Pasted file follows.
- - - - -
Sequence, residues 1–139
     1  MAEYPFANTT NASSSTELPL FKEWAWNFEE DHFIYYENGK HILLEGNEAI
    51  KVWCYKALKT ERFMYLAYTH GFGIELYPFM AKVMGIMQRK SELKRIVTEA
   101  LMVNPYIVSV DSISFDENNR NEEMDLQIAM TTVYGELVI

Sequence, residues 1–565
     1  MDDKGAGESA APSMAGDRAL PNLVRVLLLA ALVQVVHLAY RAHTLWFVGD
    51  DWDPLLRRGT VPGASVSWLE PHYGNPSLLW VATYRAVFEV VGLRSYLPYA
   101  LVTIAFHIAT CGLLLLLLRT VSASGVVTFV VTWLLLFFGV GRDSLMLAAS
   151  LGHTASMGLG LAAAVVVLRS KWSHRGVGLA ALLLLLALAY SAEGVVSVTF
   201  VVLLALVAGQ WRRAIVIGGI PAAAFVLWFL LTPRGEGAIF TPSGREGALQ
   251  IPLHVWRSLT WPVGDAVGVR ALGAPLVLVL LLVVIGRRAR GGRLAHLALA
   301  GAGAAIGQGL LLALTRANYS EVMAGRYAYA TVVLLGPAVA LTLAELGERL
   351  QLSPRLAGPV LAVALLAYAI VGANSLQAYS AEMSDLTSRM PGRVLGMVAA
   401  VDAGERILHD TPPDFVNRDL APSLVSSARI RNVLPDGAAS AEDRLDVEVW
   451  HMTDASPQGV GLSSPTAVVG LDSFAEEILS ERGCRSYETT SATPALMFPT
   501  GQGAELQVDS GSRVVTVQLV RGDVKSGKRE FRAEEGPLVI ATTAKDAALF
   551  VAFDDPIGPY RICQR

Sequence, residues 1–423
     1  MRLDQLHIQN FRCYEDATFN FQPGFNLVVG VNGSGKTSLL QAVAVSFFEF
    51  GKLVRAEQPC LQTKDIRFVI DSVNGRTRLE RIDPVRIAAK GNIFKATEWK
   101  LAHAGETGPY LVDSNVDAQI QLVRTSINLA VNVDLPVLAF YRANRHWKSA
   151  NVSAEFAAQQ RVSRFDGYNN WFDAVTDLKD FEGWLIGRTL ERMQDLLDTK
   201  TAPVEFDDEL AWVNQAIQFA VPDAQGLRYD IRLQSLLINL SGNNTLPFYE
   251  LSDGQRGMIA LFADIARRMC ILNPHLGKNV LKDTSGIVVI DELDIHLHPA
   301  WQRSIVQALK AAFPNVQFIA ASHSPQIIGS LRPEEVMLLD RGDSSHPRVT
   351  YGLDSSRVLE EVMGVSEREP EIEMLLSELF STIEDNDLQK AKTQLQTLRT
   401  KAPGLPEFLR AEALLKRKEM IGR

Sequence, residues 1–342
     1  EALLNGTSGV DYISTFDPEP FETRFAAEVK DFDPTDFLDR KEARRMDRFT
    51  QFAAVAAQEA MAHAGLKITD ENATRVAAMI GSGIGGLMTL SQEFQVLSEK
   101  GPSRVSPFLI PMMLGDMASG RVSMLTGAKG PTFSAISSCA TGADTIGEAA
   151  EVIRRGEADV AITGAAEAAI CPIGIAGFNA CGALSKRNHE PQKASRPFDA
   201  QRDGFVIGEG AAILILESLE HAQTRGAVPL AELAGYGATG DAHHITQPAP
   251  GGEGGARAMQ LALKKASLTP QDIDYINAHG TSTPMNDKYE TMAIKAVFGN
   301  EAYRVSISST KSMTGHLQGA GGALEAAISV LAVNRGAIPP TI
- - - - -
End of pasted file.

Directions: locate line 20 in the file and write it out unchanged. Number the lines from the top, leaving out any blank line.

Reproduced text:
    51  GKLVRAEQPC LQTKDIRFVI DSVNGRTRLE RIDPVRIAAK GNIFKATEWK